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Study: Earth's last ice age not worldwide

Researchers theorize that a weakening Gulf Stream at the start of the last ice age drove the north into freezing temperatures while simultaneously affecting the planet's wind patterns and ocean currents, pushing warm air and seawater south.
by Staff Writers
New York (UPI) Sep 8, 2010
U.S. scientists say Earth's last ice age, about 13,000 years ago, saw Europe freezing while the antarctic was warming up, an anomaly that has long puzzled them.

Researchers at Columbia University, in a study published in the journal Nature, say new evidence from New Zealand suggests the deep freeze up north bypassed much of the Southern Hemisphere.

"Glaciers in New Zealand receded dramatically at this time, suggesting that much of the Southern Hemisphere was warming with Antarctica," study author Michael Kaplan, a geochemist at Columbia's Lamont-Doherty Earth Observatory, said. "Knowing that the … cooling in the Northern Hemisphere was not a global event brings us closer to understanding how Earth finally came out of the ice age."

Ice core data show warming of the Southern Hemisphere starting 13,000 years ago coincided with rising levels of the heat-trapping gas carbon dioxide.

The new study links this spike in CO2 to the impressive shrinking of glaciers in New Zealand.

Scientists estimate the glaciers shrank by half over 1,000 years in response to the local climate warming as much as 2 degrees F.

Researchers theorize that a weakening Gulf Stream at the start of the last ice age drove the north into freezing temperatures while simultaneously affecting the planet's wind patterns and ocean currents, pushing warm air and seawater south.

earlier related report
Turkey's Mount Ararat glaciers shrink: scientist
Istanbul (AFP) Sept 8, 2010 - The glaciers atop Mount Ararat, the peak in eastern Turkey where Noah's Ark is believed by devotees to have settled after the biblical flood, have shrunk by 30 percent in surface area over the last 30 years, a researcher said Wednesday.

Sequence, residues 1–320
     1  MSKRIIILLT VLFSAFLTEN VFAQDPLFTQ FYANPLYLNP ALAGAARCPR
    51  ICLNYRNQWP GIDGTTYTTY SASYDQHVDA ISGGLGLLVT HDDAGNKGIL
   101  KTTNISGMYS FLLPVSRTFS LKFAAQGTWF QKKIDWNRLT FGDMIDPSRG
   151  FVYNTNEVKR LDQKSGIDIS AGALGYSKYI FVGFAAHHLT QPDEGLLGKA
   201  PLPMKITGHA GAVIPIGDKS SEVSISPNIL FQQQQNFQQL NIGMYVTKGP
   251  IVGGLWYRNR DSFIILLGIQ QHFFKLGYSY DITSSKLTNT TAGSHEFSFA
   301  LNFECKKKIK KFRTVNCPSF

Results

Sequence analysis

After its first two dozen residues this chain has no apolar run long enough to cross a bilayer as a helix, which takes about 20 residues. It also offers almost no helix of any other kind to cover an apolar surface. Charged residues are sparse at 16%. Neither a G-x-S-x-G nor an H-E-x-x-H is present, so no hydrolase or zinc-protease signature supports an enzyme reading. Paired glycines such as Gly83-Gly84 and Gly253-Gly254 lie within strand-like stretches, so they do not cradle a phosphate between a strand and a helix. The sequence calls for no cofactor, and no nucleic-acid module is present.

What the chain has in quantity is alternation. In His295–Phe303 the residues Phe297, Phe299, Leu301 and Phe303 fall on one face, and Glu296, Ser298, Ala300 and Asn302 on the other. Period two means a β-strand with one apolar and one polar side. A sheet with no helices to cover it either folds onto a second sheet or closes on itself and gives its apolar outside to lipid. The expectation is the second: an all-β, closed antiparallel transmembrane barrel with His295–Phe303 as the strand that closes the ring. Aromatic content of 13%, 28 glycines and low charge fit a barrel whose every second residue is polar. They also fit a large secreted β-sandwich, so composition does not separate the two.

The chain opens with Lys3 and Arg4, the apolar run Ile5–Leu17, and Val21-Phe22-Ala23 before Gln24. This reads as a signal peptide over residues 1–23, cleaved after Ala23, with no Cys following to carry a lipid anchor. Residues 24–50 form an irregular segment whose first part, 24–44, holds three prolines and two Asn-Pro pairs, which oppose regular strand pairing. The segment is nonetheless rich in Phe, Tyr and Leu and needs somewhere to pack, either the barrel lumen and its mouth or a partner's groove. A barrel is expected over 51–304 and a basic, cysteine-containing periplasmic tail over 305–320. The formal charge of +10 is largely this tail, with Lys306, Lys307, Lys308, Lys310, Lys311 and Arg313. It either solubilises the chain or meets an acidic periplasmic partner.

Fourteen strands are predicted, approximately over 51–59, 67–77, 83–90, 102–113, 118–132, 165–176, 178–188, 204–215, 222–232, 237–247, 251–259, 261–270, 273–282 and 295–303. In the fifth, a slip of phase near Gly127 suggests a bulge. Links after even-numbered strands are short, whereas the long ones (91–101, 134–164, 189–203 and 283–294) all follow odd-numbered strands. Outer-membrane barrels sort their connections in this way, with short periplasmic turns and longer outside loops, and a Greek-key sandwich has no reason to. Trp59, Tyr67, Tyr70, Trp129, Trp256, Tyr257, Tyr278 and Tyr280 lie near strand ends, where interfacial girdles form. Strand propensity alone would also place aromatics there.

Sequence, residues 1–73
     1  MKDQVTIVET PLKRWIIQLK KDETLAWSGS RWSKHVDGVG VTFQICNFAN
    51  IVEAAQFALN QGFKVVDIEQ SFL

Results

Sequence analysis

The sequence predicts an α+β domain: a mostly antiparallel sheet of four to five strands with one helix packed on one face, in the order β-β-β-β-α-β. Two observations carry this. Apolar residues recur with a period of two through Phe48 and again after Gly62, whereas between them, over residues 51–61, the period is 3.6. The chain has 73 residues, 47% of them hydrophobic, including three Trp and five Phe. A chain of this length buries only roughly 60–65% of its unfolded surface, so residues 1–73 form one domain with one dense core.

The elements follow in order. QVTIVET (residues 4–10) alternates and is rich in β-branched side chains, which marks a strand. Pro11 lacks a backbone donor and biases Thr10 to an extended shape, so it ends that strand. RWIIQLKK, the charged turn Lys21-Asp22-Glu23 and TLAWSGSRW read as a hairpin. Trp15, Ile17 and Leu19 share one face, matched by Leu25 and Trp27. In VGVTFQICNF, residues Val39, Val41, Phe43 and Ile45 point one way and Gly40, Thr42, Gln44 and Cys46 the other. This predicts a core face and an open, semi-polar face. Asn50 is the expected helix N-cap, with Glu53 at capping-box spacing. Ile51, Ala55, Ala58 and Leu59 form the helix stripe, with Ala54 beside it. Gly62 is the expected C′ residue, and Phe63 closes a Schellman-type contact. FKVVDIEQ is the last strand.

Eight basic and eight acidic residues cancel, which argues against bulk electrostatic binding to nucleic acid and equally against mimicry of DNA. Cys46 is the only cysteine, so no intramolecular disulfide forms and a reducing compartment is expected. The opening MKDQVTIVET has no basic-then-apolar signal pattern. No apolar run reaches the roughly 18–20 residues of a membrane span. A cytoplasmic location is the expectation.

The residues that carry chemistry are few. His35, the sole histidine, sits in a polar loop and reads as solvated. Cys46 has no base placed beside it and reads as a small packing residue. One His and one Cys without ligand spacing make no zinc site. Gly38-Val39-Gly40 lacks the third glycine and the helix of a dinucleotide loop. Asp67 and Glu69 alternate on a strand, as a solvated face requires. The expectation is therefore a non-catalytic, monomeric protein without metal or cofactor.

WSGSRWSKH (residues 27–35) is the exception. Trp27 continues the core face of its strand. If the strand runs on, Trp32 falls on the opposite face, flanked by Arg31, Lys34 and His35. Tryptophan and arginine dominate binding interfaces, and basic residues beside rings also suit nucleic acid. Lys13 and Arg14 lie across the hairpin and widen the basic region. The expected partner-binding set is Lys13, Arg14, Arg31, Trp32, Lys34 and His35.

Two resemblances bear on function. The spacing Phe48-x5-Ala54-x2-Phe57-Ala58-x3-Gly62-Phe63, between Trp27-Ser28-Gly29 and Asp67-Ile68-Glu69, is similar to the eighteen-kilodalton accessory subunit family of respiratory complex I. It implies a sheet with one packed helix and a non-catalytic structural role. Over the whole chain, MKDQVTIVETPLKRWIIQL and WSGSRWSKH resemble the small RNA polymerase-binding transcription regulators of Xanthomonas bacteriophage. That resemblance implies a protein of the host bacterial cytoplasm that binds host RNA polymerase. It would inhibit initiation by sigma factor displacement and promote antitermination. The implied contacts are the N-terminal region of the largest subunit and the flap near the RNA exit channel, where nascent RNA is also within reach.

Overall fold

"We used satellite images to analyse the response of glaciers at the summit of Mount Ararat to climate change," geologist Mehmet Akif Sarikaya told AFP.

"The glacier surface area decreased from eight square kilometres (3.04 square miles) in 1976 to 5.5 square kilometres (2.09 square miles) in 2008, a loss of about seven hectares (17 acres) a year," said Sarikaya, an assistant professor at Istanbul's Fatih University, who also lectures at the University of Omaha, Nebraska.

The scientist warned that temperature change might eventually threaten the very existence of the ice fields.

"We sought the reasons for the melting and found that the temperature had increased by 0.03 degrees Celsius (0.05 degrees Fahrenheit) per year" during the period studied, he said.

Other factors, such as increased precipitation, sunshine or topography, might have also contributed to the glacial loss, he added.

Sarikaya said he was unable to comment on the causes of climate change around Mount Ararat.

Previous research has found accelerating glacier erosion in the European Alps and South American Andes, and attributed the loss to man-made global warming.

The Book of Genesis says God decided to flood the Earth after seeing how corrupt it had become, and told Noah to build an Ark and fill it with two of every species.

After the waters receded, the Ark came to rest on a mountain that believers contend is Mount Ararat, at 5,137 metres (16,853 feet) the country's highest peak.

Many teams have scoured the mountain to find the Ark, without any convincing results so far. Sarikaya declined to comment on whether the melting of the glaciers would provide new opportunities in the search.




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Climate: New study slashes estimate of icecap loss
Paris (AFP) Sept 7, 2010
Estimates of the rate of ice loss from Greenland and West Antarctica, one of the most worrying questions in the global warming debate, should be halved, according to Dutch and US scientists. In the last two years, several teams have estimated Greenland is shedding roughly 230 gigatonnes of ice, or 230 billion tonnes, per year and West Antarctica around 132 gigatonnes annually. Together, ... read more

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